The Hong Kong College of Psychiatrists has issued a statement condemning lawmaker Ann Chiang Lai-wan for comments she made against her filibustering colleagues in Legislative Council (LegCo) on Wednesday.

Chiang said lawmakers had to remain in the meeting room to prevent adjournment due to constant calls for quorum. She compared herself and fellow legislators to psychiatrists – who, she said, were likely to be mentally ill because “[they] listen to mentally ill patients too much [that] they become insane themselves.”

Ann Chiang Lai-wan.

Chiang added that lawmakers needed a rest from the fillibustering before they began to suffer from Stockholm syndrome.

The College of Psychiatrists said in their statement: “We regret to hear that an honourable member of the legislative council expressed an untrue and derogatory statement about psychiatrists and patients with mental problems,” adding that her statement could deter people from receiving help.

“We express our strongest condemnation over this incident,” it said.

Eric Chen Yu-hai, President of the College, told Apple Daily that he did not expect a public figure to say such a thing at a public occasion. “Using examples of mental illness to describe the behaviour of people you don’t like is an extremely serious insult to patients,” he said.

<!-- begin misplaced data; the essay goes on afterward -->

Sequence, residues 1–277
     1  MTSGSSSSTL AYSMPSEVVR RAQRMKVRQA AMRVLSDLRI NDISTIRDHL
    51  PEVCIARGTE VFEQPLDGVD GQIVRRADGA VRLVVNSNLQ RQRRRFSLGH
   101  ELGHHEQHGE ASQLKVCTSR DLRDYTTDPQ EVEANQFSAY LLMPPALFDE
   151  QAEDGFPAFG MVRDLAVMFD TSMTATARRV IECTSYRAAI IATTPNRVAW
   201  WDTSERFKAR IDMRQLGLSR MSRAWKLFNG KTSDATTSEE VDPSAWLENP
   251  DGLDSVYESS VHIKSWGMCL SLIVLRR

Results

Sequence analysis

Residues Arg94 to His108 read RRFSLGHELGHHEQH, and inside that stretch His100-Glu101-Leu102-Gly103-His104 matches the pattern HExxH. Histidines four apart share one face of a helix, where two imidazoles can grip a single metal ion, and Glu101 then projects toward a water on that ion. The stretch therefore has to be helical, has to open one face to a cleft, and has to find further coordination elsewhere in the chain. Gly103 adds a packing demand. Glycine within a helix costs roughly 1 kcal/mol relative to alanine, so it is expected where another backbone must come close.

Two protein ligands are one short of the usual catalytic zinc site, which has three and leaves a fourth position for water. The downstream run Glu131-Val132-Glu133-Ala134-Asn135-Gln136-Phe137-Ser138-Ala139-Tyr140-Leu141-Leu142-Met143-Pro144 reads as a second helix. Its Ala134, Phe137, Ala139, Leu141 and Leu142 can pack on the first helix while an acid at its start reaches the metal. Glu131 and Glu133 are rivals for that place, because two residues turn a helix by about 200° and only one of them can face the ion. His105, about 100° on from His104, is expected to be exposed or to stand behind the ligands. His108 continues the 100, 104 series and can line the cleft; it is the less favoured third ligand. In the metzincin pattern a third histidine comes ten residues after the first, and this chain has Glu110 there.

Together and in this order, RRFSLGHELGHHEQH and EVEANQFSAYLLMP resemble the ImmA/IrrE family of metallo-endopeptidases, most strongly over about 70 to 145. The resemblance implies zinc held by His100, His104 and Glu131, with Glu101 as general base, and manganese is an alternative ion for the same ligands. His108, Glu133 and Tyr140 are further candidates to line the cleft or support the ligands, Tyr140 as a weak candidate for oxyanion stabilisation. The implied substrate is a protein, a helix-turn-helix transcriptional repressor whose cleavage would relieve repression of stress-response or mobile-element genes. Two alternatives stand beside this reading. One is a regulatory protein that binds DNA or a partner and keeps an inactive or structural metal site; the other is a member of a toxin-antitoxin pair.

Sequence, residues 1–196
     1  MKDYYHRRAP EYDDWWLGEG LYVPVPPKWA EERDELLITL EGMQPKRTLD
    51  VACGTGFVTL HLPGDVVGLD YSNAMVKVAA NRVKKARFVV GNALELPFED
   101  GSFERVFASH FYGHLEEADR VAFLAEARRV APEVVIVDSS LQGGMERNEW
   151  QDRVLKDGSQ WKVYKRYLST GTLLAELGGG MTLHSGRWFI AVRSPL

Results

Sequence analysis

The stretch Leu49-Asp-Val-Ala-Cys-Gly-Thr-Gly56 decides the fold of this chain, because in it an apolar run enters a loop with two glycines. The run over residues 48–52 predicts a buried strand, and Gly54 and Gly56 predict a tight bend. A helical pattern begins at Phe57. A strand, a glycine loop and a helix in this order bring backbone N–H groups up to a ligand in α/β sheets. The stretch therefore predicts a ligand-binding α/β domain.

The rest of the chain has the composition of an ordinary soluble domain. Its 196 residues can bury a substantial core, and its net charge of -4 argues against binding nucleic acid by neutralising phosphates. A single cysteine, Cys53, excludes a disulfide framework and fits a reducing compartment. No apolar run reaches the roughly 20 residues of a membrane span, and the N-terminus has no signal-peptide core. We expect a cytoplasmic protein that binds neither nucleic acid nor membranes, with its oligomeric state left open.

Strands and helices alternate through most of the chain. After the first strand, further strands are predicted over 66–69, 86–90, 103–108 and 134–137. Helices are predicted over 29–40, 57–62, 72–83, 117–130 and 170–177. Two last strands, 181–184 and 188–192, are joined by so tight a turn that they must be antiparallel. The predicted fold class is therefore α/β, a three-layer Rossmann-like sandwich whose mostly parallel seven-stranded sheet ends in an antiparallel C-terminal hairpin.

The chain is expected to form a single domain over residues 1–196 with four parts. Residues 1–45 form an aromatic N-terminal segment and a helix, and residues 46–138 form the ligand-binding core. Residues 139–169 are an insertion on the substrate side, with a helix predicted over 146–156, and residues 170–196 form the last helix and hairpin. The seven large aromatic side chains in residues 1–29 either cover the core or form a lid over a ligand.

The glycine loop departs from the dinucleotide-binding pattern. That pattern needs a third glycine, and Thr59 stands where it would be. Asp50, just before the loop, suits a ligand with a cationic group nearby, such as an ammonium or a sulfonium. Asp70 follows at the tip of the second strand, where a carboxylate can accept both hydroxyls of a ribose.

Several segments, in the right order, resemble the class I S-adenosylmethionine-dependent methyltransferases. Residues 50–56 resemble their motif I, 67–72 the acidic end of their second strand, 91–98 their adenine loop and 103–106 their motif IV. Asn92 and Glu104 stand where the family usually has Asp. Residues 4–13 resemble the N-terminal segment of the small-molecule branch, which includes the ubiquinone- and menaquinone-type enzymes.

The same report quoted John Wong Yee-him, also a member of the Democratic Alliance for the Betterment and Progress of Hong Kong and a psychiatrist, who said in a statement that using the word “insane” to describe a patient’s symptom was inappropriate, and demanded an apology from Chiang.

John Wong Yee-him.

According to the College, Chiang’s statements had “no place in a civilised society” and highlighted the need to tackle negative perception about mental illness.

Chiang said that her original intention was to show how pan-democrats were wasting time and resources through filibuster. She added that she had no intention of mislabelling or discriminating anyone, and that she felt sorry if anyone was offended by her speech.

She did not respond to media enquiries about whether she would take back her comments and officially apologise.

Owing to the filibustering tactics employed by its opponents, the debate on the controversial copyright bill was delayed until Thursday morning. Hundreds of demonstrators protested at the LegCo demonstration area on Wednesday evening.

See also: Explainer: What is legal and what is not under Copyright (Amendment) Bill 2014.

Koel Chu

Koel Chu is a second-year journalism and fine arts student at the University of Hong Kong. Born and raised in Hong Kong, Koel is interested in the arts and urban design. She interned at China Radio International in Beijing and, at her university, she also works as Vice-President of Branding and Marketing in AIESEC, the largest youth-run organisation in the world.